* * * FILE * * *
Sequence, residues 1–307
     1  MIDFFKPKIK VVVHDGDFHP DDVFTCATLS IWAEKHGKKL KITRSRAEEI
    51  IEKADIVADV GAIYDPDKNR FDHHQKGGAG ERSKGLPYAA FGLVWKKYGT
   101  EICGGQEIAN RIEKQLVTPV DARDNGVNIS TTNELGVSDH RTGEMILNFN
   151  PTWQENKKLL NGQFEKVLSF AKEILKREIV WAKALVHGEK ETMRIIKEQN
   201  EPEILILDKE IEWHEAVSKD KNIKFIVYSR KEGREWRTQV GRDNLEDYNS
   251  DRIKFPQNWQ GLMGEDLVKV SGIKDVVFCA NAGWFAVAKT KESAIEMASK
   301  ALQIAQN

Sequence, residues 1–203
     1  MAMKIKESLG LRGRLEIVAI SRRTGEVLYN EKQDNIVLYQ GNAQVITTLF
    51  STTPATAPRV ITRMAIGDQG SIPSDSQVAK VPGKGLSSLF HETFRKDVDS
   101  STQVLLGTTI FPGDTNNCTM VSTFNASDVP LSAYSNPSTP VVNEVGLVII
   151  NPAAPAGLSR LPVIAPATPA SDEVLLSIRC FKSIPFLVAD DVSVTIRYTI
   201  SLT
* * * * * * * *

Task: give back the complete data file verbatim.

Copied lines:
Sequence, residues 1–307
     1  MIDFFKPKIK VVVHDGDFHP DDVFTCATLS IWAEKHGKKL KITRSRAEEI
    51  IEKADIVADV GAIYDPDKNR FDHHQKGGAG ERSKGLPYAA FGLVWKKYGT
   101  EICGGQEIAN RIEKQLVTPV DARDNGVNIS TTNELGVSDH RTGEMILNFN
   151  PTWQENKKLL NGQFEKVLSF AKEILKREIV WAKALVHGEK ETMRIIKEQN
   201  EPEILILDKE IEWHEAVSKD KNIKFIVYSR KEGREWRTQV GRDNLEDYNS
   251  DRIKFPQNWQ GLMGEDLVKV SGIKDVVFCA NAGWFAVAKT KESAIEMASK
   301  ALQIAQN

Sequence, residues 1–203
     1  MAMKIKESLG LRGRLEIVAI SRRTGEVLYN EKQDNIVLYQ GNAQVITTLF
    51  STTPATAPRV ITRMAIGDQG SIPSDSQVAK VPGKGLSSLF HETFRKDVDS
   101  STQVLLGTTI FPGDTNNCTM VSTFNASDVP LSAYSNPSTP VVNEVGLVII
   151  NPAAPAGLSR LPVIAPATPA SDEVLLSIRC FKSIPFLVAD DVSVTIRYTI
   201  SLT